Oh hell.. Can things get any worse for me at the moment? First, the CMIC (child-molester-in-chief) gets elected, then I find out that scumbag chump is one who agrees with me around at least a large part of the whole "climate change" fiasco. And now I find out that B.B also agrees. Just how messed up can one's weekend get? (El Reg, we need a more extreme sad face icon. Much more extreme. Like, you just watched your family die and then find out your favourite Linux computer auto-updated to Win10!).

        (FTR I don't deny that the climate changes, just the nature, cause etc of the change. I also believe highly in energy conservation, use of renewables (ie NOT wind which is about as wasteful and "greenhouse-gas" emitting as you can get with a carbon footprint the size of chump's ego), prevention of pollution and so on - in short waste-not, pollute-not, and the climate's gonna change despite us, not because of us...)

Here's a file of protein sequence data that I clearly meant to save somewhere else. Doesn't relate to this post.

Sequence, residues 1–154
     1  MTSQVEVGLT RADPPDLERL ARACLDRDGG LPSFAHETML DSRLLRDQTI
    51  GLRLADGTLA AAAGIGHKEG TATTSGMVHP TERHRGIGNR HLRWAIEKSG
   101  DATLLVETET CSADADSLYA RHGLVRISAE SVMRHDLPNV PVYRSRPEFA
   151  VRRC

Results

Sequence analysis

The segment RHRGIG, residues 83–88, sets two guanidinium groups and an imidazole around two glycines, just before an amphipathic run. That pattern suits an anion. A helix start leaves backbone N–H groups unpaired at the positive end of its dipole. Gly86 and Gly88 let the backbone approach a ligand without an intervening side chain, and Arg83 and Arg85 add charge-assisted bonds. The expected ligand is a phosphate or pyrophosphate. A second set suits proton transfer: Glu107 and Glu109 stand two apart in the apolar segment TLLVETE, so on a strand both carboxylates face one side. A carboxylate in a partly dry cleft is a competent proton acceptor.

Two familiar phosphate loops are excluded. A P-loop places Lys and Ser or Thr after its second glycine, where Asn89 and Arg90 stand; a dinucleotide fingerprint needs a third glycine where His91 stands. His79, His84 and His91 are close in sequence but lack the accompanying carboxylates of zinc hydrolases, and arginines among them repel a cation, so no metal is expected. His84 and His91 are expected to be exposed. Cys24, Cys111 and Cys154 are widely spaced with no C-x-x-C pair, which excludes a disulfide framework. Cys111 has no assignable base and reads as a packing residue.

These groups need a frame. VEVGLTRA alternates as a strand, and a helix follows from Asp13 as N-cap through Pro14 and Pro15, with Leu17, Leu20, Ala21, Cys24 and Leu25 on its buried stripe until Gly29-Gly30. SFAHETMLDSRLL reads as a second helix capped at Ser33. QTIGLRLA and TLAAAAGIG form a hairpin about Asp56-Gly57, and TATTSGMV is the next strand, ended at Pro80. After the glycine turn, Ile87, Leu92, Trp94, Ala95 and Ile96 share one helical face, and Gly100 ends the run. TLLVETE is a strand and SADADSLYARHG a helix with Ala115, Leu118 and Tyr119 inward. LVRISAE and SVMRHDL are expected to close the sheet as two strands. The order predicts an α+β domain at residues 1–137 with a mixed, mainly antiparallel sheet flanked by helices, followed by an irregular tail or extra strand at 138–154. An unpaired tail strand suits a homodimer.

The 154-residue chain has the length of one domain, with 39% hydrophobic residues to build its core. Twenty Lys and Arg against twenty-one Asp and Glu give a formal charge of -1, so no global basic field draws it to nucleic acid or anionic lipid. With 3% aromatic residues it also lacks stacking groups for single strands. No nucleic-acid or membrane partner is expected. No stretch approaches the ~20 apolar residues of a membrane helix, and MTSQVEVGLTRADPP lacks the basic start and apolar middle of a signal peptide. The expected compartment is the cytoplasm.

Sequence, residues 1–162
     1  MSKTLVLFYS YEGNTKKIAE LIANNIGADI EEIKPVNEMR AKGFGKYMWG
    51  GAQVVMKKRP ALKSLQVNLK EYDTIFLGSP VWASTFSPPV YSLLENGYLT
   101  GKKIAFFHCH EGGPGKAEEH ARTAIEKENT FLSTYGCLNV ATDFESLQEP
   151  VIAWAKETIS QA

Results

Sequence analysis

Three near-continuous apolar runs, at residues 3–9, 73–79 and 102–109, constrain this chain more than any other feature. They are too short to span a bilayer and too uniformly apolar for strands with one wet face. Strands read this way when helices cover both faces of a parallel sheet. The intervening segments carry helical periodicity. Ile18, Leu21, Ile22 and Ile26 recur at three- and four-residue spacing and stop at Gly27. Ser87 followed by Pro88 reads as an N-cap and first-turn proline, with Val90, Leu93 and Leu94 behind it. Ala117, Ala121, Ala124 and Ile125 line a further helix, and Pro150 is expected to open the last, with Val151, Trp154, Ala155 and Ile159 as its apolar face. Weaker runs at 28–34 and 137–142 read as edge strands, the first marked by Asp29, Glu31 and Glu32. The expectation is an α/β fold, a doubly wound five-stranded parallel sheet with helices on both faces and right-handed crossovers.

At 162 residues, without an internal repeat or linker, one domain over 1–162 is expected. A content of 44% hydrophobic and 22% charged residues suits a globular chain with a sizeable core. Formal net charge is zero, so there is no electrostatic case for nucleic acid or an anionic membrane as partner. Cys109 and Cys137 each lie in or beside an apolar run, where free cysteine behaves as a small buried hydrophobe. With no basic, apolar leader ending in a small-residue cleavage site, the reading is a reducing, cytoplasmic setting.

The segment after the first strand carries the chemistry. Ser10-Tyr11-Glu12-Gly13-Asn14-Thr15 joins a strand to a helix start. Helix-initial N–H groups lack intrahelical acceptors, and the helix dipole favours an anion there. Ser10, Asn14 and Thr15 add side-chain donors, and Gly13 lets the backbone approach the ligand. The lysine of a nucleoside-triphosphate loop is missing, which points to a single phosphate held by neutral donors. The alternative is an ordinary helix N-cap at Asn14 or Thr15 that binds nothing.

10. ecofeco Silver badge

      Re: And we thought BREXIT was bad

      Quote of day as seen on twitter:

      Britain: Brexit is the stupidest, most self-destructive act a country could undertake.

      USA: Hold my beer.

    11. Mark 85 Silver badge

      Re: And we thought BREXIT was bad

      This election has seen a large amount of BS, rhetoric, and anything to get a voter's attention. Trump pulled it off. Now the real question is what will he actually try to change and what will get changed?

      Remember, Congress has to get involved and there's a helluva lot of lawyers in the US who'd love to take a case to the Supreme Court, He just can pull a law out of his ass and make it so.

      I've heard a lot of BS over the years from politicians wanting to get elected and making a lot of promises and statements. Very little ever seems to happen. We'll see. Luckily, we can toss his ass out in 4 years if he gets too extreme or gets things too screwed up.

      As for manufacturing jobs.. they won't come back. That's a pipe dream. No one can force a company to manufacture anything in a place not of the company's choosing. Trump's tariffs... require Congress (and their corporate lobbyist masters) to approve.

    12. GotThumbs

      Re: And we thought BREXIT was bad

      Who thought BREXIT was bad?

      Not the majority of the country who voted for it.

      You speak with the voice of 1.

      Same about Trump.